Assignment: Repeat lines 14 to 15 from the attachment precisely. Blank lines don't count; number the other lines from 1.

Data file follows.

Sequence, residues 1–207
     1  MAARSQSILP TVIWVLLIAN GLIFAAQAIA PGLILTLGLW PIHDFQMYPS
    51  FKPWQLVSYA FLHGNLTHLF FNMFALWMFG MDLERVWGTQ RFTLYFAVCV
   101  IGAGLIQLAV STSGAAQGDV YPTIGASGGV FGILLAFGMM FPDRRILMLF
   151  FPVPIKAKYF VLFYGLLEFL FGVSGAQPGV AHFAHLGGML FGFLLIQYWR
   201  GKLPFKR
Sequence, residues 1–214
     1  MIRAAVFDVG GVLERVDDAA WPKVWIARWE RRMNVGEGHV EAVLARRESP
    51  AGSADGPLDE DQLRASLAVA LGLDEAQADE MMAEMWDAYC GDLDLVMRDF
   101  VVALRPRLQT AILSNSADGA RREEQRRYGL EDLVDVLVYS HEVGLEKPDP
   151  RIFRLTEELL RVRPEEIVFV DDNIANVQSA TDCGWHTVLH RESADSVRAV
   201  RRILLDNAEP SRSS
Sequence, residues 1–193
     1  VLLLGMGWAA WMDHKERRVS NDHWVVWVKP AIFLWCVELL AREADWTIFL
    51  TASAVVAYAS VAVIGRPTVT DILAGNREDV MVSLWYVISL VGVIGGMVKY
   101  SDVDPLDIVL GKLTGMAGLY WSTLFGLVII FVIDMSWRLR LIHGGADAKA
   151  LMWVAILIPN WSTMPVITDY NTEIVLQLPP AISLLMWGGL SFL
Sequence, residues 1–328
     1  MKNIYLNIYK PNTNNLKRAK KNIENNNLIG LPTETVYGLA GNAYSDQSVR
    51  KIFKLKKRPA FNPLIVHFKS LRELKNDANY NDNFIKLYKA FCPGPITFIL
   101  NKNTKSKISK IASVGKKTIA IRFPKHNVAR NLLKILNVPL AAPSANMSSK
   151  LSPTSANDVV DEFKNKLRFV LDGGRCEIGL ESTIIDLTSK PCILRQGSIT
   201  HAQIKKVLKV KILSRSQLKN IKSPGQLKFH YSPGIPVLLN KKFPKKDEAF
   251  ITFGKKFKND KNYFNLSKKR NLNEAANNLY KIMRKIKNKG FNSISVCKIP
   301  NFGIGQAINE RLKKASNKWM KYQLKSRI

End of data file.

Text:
     1  VLLLGMGWAA WMDHKERRVS NDHWVVWVKP AIFLWCVELL AREADWTIFL
    51  TASAVVAYAS VAVIGRPTVT DILAGNREDV MVSLWYVISL VGVIGGMVKY